PIT-DB: A Resource for Sharing, Annotating and Analysing Translated Genomic Elements

Lead Research Organisation: Queen Mary, University of London
Department Name: Sch of Biological and Chemical Sciences

Abstract

The publication of the human genome in 2001 was rightly hailed as a major scientific achievement, but over a decade later we are still far from a complete understanding of the structure of the genome and the role of the various elements within it. While protein coding regions of the genome were identified and used to annotate the genome soon after it was sequenced, many more exotic genomic elements have subsequently attracted interest including pseudogenes, non-coding RNAs and short open reading frames (sORFs).

In recent years, post-genomic bioanalytical techniques such as RNA-seq transcriptomics (which tells us which genomic elements are expressed) and mass spectrometry based proteomics (which tells us which of the expressed elements are translated into peptides or proteins) have helped refine our understanding of the human genome at a fundamental level. Just this year, two proteomics studies published in Nature caused a stir by showing that no experimental evidence could be found for the expression of several genomic elements widely accepted to code for protein, while other regions of the genome that were not previously thought to be protein coding were in fact found to produce proteins. If this is the situation for the intensively studied human genome, we must assume that the genome annotations for less studied species (so called non-model organisms) are even less accurate.

We recently developed (and tested, and published) a methodology called proteomics informed by transcriptomics (PIT) that rapidly generates large numbers of genome annotations underpinned by multiple sources of experimental evidence. In PIT, every sample is analysed using both RNA-seq and proteomic mass spectrometry and the data from these two analyses integrated to provide a list of observed proteins and any other translated genomic elements (TGEs), together with the detailed transcriptomic and spectral evidence that underpins these observations. The beauty of PIT compared with traditional proteomics is that no prior sequence knowledge is needed, so novel TGEs (be they proteins or other more exotic features) can be detected. RNA-seq can be used by itself to rapidly generate genome annotations without prior knowledge, but without PIT's mass spectrometry step the confidence in these annotations is limited and there is no guarantee that transcribed elements actually get translated.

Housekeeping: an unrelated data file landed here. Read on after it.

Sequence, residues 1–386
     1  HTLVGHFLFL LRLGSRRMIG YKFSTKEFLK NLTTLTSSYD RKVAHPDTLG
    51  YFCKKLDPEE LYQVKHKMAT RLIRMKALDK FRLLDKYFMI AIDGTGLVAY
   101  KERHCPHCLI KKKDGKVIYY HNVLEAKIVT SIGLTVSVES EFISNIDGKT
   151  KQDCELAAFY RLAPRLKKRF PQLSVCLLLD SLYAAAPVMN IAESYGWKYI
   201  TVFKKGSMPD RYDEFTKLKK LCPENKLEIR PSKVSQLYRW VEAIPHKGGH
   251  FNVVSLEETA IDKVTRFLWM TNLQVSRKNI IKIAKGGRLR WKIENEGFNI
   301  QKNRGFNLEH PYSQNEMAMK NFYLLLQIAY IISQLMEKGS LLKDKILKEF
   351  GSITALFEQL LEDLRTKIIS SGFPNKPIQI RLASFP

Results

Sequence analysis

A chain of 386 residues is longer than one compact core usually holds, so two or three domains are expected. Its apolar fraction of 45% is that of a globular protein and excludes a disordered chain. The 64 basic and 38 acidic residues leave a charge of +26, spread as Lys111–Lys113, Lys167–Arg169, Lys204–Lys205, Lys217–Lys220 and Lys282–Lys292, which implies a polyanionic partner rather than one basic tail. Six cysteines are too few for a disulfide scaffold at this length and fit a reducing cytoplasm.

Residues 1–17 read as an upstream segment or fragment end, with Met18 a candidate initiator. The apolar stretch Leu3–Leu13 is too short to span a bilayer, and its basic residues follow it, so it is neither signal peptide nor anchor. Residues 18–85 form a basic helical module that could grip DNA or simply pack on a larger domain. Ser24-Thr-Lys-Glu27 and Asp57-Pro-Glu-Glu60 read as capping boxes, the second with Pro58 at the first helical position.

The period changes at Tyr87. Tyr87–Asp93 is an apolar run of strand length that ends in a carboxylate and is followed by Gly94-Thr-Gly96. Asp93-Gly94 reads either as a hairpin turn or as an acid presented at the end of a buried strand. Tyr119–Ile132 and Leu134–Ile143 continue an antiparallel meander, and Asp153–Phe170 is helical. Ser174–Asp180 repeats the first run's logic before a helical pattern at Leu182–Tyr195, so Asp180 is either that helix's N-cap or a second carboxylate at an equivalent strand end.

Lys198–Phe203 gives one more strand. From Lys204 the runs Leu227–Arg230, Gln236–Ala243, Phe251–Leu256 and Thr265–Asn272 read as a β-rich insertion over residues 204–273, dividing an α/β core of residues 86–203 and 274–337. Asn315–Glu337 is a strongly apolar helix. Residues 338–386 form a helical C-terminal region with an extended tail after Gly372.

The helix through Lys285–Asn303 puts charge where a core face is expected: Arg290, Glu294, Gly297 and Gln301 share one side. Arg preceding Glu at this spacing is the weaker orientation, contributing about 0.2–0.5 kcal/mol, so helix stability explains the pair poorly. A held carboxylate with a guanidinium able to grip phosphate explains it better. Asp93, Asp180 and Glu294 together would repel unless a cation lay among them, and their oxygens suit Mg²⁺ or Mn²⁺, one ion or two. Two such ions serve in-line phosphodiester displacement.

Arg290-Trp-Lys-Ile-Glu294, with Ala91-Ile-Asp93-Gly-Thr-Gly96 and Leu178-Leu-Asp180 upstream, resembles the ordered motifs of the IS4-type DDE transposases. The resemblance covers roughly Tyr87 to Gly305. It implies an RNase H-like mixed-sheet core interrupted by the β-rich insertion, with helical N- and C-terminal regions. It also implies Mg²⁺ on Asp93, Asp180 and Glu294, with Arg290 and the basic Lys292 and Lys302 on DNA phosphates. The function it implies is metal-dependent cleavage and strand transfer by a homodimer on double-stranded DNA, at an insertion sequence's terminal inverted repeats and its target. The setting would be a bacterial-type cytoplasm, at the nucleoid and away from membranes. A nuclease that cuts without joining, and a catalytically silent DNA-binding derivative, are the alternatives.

In a recent BBSRC TRDF project we developed easy to use web-based software workflows, implement in the popular Galaxy platform, to process the data from PIT experiments in a repeatable way with uniformly formatted output files. This has proven very useful for answering individual biological questions, but there is currently no meaningful way to share the results of PIT experiments. In this project we propose to plug this gap by developing PIT-DB, a web-accessible database of results produced by PIT. This publicly available database will immediately be populated with data from experiments conducted on various species at the University of Bristol, but other groups will be actively encouraged to submission their own data.

Having data from multiple PIT experiments in one database will deliver exciting new scientific insights. As well as simply allowing researchers to share their results from individual PIT experiments, PIT-DB will pool information about individual novel TGEs from multiple experiments so evidence can be accumulated for each individual TGE. Improving the quality of results by using data from replicate experiments is a fundamental concept in science and the utility of doing this on a community-wide basis has been repeatedly demonstrated by other bioinformatics databases such as Ensembl, UniProt and PRIDE. As well as being of interest individually, the well evidenced TGEs in PIT-DB will provide large numbers of experimentally derived (as opposed to computationally predicted) genome annotations for all of the species for which data is present in the database.

Technical Summary